The Clinton Administration insists that its tax plan is working and that history will not repeat itself. Unfortunately, the rosy picture being painted by the White House falls a part upon closer examination. Consider the following claims CLAlM #I: The Administrations economic policy has restored REALITY: This assertion ignores the fact that the recession ended in the spring of 199 1.
And even though President Clintons tax plan di d impose retroactive tax increases on small businesses, investors, upper-income individuals, and the estates of dead Ameri cans, even the White House is hard-pressed to argue that a tax increase beginning January 1,1993, caused a recession to end nearly t w o years earlier. The Administra tion can legitimately claim that 1991 should not count as a recovery because the econ omy experienced almost no growth, expanding by less than three-tenths of one per cent during the year. The same cannot be said for 1992, however, since the economy expanded at a 3.9 percent clip. Growth in 1993, the year of the Clinton tax increase slipped back to 3.1 percent and the Administrations new projections show only 3.0 percent growth in 19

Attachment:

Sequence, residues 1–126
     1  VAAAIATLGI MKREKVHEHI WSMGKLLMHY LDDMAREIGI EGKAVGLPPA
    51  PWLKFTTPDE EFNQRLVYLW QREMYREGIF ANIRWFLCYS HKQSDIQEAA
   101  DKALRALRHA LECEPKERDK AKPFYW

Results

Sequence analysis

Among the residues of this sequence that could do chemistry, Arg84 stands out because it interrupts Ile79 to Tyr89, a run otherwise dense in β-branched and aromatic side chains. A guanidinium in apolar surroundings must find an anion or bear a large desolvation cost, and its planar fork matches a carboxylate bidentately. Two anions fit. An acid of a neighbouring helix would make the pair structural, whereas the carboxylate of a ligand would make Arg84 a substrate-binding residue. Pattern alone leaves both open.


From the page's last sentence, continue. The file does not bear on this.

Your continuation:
94. As such, the best the Administration can claim is that last economicgrowth I5 IO 5 years budget deal has not yet caused the econ omys performance to slow down much com pared to the growth lev els President Clinton in herited.